I started last year and went with Nationals as same as my local Association. However, as bees expanded, I went to brood and a half (National Deep plus a Super) which as JBM points out below, was not the best idea - manipulation is doubly hard. I am buying extra deeps so I can go double brood next year. AND wait for the sales....
 

madasafish 

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I started with Langstroth.
Using bees from others is not an issue as a competent DIYer (and even an incompetent one) can convert easily.

I have never found the need to switch to anything else.
 

drex 

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I was trained on commercials, but decided on National for my own hives. I have experience of poly, WBC, Warre , Kenyan top bar , 14x12, and running Nationals on brood and a half. I stick with wooden Nationals, most run as double brood. Totally happy with that.
I expect most others around you will be using Nationals. Why make life more difficult for yourself when starting out, which will already be difficult enough, as it is a steep learning curve.
 

ericbeaumont 

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have decided on National wooden hives
What led to your decision?

Nest thermal efficiency is the goal of bees and economy of expenditure is the aim of beekeepers; the two paths point in opposite directions.

Ply and pine are cheap but heavy and thermally inefficient; Western Red Cedar is lightest and most efficient but also more expensive; English cedar is cheaper than Western Red and perfectly good, though more knotty.

The double wall of a WBC provides good thermal efficiency though the cedar kit is more expensive; eBay often has used WBCs.

Best thermal efficiency is achieved with a poly hive; of the various models Abelo is well-designed and entirely compatible with National wood; it will last forty years, at which point it can be recycled.

Check out thermodynamist Derek Mitchell's research into nest thermal efficiency and hive material. In short, reduced heat loss or gain results in less bee-work to modulate temps and humidity, which in turn saves on stores and the ageing of bees.

National is a good size box and easy to use in multiples, as JBM suggested; 14x12 is 41% bigger but if queen performance exceeds the box, where do you go?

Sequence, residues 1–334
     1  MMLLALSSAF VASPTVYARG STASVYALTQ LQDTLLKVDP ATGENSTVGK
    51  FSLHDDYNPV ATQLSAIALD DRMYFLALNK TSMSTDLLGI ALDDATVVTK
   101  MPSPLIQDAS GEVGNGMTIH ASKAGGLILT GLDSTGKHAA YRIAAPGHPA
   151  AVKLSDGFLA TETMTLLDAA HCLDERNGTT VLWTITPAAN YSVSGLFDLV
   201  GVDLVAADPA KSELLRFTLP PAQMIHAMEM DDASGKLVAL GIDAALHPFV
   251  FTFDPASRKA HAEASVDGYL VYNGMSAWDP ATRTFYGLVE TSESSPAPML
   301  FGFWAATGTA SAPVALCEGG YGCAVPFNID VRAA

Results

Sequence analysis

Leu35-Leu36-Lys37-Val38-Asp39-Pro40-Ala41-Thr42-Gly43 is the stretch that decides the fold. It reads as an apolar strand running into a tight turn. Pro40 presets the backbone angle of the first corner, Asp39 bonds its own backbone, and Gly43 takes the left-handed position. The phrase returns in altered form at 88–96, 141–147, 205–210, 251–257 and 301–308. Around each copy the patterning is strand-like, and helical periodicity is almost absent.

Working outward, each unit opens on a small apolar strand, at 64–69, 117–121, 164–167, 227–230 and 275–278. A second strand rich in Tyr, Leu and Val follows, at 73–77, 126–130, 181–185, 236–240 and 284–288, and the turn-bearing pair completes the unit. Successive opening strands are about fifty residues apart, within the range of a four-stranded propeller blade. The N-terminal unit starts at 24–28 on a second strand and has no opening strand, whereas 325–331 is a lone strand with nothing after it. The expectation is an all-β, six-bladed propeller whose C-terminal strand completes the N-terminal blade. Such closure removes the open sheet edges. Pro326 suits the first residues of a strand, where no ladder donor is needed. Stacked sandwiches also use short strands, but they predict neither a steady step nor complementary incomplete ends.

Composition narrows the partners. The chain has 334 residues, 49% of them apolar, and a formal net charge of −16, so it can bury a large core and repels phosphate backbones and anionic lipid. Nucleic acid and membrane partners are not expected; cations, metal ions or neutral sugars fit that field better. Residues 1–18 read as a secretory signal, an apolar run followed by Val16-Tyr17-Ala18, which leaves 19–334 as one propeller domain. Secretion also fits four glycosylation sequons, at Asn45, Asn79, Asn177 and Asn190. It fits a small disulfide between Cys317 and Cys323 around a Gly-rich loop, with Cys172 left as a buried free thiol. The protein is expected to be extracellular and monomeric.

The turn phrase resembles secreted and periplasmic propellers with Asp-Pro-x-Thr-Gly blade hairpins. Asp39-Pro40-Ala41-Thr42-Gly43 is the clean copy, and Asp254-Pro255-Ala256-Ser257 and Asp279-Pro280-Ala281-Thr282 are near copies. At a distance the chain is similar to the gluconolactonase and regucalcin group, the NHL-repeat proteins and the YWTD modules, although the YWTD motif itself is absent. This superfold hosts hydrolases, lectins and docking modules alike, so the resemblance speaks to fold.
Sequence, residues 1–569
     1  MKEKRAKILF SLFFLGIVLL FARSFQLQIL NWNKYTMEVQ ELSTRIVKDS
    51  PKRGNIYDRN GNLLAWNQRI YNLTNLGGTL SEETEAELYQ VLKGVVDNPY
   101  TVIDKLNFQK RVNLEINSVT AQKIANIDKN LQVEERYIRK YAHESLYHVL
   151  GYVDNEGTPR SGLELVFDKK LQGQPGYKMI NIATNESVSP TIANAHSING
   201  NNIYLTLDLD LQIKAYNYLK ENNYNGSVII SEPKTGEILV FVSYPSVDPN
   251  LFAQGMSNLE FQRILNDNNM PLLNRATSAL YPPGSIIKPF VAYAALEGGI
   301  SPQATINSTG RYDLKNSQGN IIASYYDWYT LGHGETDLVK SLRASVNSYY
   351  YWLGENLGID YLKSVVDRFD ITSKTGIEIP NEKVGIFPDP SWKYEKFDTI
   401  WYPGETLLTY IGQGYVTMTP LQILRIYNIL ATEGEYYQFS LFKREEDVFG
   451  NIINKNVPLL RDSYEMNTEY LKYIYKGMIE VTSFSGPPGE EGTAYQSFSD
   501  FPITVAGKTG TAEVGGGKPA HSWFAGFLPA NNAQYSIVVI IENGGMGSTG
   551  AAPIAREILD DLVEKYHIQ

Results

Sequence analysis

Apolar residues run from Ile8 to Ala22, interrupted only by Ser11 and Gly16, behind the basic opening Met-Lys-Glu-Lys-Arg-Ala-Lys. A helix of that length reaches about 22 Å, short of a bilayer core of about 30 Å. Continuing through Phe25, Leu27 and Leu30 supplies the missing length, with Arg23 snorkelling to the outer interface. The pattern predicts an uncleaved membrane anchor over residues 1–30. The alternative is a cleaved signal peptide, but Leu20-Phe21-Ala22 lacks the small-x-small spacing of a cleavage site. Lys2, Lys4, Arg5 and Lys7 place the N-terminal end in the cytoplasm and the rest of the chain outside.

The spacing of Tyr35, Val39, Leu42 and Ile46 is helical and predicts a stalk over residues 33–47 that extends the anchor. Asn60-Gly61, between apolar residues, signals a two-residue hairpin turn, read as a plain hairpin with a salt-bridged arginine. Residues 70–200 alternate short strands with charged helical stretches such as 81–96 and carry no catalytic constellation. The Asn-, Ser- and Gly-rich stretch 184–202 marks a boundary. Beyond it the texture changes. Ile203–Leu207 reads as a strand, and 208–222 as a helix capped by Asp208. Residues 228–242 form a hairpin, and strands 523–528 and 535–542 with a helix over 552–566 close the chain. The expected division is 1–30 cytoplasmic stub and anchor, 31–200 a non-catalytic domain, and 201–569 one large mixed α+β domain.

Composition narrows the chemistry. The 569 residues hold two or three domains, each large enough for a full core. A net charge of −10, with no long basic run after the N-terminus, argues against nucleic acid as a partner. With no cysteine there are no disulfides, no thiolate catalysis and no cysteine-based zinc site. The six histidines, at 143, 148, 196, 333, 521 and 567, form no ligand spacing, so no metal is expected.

Rose hive is a good compromise - a medium one-box system - but the Thorne Rose hive is made from Redwood, so heavy and less thermally efficient than cedar.
 

Markthebuilder 

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I started with one 14x12 I also wanted to have black bees and thought it would be a perfect match.
I ended up with quite a bit of national deep equipment as I tried to expand and had to modified this to match my 14x12 stuff ( not a real problem)
Knowing what I now think I know and because I would recommend the double brood rout which I think makes a lot of the beekeeping processes simpler.
I would go as far as to say that you don’t need shallow supers. And if choosing between a second brood box or a shallow supper get the second brood box first.
My caviate to the above is if you are going Cornish black bee speak to your supplier and take their advice above all others.
 

ericbeaumont 

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started with one 14x12 I also wanted to have black bees and thought it would be a perfect match.
The box & bee combo is crucial.

For example, it is possible to run only single deeps, but to do so successfully needs many years of dedicated queen selection to get colonies to fit boxes.

At the other end of the scale, a good prolific queen can fill three standard deeps easily.

A beginner won't know the parameters of queen performance (no matter what the supplier suggests) and so system flexibility will give room for manoeuvre and mistakes: multiples of National deeps or Rose boxes.
 

Newbeeneil 

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As with most here I would say go with what you have at your local BKA for ease of help when things go wrong.
If you should want to go for WBC's for aesthetics just put nationals or 14x12's into WBC lifts. 2 of my clients have this set up.